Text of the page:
The Woman’s Exponent regularly published reports from local Relief Societies. The following document, an October 9, 1872, report submitted by Christina Liljenquist and her counselors in the Hyrum, Utah, Relief Society, provides an example of these reports and gives a brief glimpse into the activities and concerns of a rural Relief Society in northern Utah.
In 1856 Latter-day Saints began a concerted effort to establish settlements in Cache Valley in northern Utah and soon established a number of towns, including Logan in 1859 and Hyrum, in the south end of the valley, in 1860.1 In 1868 Mary Ann Maughan became president of the Relief Society in the Logan First Ward, and Relief Societies were organized in other wards in the valley. Apostle Ezra T. Benson, who also served as stake president of the Cache Valley Stake, instructed that the “Presidentess of the first ward was to preside over the whole, and that when ever she thought proper to call them all to gether it was her privilege.”2 Maughan thus coordinated and supervised the network of Relief Societies in the villages that dotted the valley.3 This relatively informal arrangement served as a precursor for the establishment of stake Relief Societies.4
On May 9, 1868, a Relief Society was first organized in the Hyrum Ward.5 Two years later, on April 7, 1870, the society was reorganized; Christina Jacobsen Liljenquist, a Swedish immigrant and the wife of ward bishop Ola Nilsson Liljenquist, became the new Relief Society president.6 A recent visit to Salt Lake City, partly funded by donations from Relief Society members, likely prompted Liljenquist’s 1872 letter.7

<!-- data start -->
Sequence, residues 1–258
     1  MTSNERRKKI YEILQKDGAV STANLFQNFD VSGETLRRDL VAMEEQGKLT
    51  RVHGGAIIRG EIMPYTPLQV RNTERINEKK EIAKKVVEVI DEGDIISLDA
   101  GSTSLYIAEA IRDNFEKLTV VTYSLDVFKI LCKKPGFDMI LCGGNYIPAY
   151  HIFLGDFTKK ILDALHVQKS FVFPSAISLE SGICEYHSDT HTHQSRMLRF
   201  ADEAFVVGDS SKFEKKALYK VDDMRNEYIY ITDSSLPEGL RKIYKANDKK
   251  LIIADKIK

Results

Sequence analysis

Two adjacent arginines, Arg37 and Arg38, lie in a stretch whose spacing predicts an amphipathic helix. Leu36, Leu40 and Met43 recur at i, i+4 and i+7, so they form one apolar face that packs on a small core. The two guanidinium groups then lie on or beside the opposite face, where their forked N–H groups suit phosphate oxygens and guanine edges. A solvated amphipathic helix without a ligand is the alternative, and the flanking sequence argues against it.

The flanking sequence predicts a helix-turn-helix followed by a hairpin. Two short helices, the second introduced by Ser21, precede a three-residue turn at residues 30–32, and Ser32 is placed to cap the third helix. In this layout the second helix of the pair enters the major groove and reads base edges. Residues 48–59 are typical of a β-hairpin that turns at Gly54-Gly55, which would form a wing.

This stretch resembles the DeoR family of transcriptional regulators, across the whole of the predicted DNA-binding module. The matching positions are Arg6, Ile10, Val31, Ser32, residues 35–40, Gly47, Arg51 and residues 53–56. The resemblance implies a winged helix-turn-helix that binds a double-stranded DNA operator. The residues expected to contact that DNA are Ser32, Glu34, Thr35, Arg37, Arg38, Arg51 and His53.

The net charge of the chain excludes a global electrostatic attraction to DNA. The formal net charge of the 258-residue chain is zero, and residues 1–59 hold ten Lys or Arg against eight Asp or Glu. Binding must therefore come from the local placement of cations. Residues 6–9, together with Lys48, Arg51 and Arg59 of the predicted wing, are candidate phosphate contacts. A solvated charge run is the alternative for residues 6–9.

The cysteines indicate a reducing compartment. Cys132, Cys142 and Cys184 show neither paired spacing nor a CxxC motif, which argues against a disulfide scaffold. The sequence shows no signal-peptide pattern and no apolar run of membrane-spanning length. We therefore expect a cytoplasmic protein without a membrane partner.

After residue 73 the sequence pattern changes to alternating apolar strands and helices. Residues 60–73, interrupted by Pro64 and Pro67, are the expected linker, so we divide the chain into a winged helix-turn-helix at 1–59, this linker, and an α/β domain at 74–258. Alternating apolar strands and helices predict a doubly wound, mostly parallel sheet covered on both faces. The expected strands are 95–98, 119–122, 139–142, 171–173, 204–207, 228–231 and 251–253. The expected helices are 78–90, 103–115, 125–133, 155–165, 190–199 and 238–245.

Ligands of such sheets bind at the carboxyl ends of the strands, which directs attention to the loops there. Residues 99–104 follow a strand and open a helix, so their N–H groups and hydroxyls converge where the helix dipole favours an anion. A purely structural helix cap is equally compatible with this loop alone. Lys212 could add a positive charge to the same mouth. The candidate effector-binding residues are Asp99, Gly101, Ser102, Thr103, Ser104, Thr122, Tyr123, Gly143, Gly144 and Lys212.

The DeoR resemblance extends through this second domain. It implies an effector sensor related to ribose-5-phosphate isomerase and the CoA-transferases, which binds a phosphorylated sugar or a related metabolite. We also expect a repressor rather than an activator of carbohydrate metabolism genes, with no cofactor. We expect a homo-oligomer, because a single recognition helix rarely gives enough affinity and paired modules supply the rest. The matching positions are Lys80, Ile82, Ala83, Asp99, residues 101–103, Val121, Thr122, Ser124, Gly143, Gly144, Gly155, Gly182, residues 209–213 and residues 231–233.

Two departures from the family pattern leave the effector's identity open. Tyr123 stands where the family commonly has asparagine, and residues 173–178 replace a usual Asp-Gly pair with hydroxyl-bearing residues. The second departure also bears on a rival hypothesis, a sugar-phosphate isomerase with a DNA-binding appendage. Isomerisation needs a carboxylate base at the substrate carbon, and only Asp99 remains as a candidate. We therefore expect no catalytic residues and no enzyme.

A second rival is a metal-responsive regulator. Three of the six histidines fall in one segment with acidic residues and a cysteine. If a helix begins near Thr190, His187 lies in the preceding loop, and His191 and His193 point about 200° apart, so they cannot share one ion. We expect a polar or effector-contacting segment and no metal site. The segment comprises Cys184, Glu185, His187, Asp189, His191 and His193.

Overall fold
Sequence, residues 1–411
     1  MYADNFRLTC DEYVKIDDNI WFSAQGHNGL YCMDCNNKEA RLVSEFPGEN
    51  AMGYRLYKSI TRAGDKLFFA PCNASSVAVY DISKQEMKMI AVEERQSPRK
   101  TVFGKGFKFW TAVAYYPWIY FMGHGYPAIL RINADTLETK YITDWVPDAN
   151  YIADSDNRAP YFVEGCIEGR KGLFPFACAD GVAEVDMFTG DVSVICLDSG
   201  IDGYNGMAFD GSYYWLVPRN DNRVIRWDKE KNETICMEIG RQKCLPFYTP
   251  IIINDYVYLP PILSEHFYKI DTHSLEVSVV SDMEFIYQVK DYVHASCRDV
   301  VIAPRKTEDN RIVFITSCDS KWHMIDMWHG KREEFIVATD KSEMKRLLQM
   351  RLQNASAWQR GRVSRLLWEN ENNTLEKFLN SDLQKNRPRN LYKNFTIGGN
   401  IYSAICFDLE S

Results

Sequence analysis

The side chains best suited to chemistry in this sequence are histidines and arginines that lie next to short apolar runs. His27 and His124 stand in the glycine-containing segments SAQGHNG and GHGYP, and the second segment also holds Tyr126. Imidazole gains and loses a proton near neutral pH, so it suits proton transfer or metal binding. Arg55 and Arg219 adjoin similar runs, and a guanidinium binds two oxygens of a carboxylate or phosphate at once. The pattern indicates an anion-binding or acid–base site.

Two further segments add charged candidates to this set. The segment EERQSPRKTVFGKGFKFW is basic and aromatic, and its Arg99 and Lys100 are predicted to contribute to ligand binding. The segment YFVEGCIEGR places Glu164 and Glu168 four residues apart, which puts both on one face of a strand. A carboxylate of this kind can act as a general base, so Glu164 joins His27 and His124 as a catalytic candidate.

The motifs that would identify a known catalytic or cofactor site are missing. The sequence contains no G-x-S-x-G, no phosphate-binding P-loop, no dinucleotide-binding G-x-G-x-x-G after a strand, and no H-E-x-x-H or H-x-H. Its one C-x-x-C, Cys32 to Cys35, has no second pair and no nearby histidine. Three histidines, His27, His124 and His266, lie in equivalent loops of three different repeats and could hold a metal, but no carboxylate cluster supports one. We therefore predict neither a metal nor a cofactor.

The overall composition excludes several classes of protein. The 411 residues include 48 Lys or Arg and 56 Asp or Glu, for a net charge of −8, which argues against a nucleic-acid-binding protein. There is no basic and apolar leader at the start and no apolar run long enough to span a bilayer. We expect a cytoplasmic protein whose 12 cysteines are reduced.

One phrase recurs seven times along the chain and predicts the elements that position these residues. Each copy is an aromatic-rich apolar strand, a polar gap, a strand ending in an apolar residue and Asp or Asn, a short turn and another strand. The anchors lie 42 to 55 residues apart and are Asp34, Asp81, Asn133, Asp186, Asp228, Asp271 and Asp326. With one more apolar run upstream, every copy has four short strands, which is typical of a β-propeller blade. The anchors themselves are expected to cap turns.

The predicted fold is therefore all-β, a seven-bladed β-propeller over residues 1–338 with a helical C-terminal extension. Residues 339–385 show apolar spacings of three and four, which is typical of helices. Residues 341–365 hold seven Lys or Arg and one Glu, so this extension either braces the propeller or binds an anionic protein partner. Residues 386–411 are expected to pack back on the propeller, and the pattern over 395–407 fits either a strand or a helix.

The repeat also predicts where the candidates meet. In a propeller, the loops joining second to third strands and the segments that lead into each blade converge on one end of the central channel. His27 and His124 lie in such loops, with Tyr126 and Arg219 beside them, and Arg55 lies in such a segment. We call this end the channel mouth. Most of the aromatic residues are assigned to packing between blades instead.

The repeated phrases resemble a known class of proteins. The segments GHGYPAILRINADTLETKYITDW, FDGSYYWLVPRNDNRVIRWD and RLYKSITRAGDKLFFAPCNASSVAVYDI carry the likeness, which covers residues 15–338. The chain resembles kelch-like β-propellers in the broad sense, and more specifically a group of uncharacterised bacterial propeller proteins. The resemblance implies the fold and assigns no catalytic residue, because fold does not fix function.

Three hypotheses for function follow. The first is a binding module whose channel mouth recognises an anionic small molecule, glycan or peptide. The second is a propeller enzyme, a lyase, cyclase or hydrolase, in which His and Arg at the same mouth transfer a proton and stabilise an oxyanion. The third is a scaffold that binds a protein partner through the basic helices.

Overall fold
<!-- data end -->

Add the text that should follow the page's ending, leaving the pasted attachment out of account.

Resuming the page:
Hyrum, Cache County, Utah,
October 9th, 1872.
Editor Woman’s Exponent:
The Female Relief Society of this Ward was organized nearly four years ago, and since that time we have accomplished much good. Our Society is in a healthy condition; we have endeavored to do all in our power to comfort and bless the poor, the widow, the fatherless and the sick; thus assisting our Bishop and Teachers in some of their labors. In addition to this we have sent ninety dollars to assist in gathering the poor,8 and have given forty dollars to aid our Sunday School in purchasing a library and rewards. In connection with this Society there is a Young Ladies’ Retrenchment Association. We have a braiding school and make straw hats in Summer.9
Although the outside world may number us with the “poor, oppresse[d]10 women of Utah,” we experience great pleasure in saying, we have lived in the States and in the old world, but prefer living in, and enjoying the glorious liberties of Utah and her “Mormon” institutions, and in seeking to fill woman’s mission as wives, mothers and daughters, aiding suffering humanity wherever found.
The widow’s heart shall share our joy,
The orphan and oppressed
Shall see we love the sweet employ
To succor the distressed,11
And thus maintain woman’s legitimate rights.12
Christina Liljenquist, President,
Martha Ward, Counselors.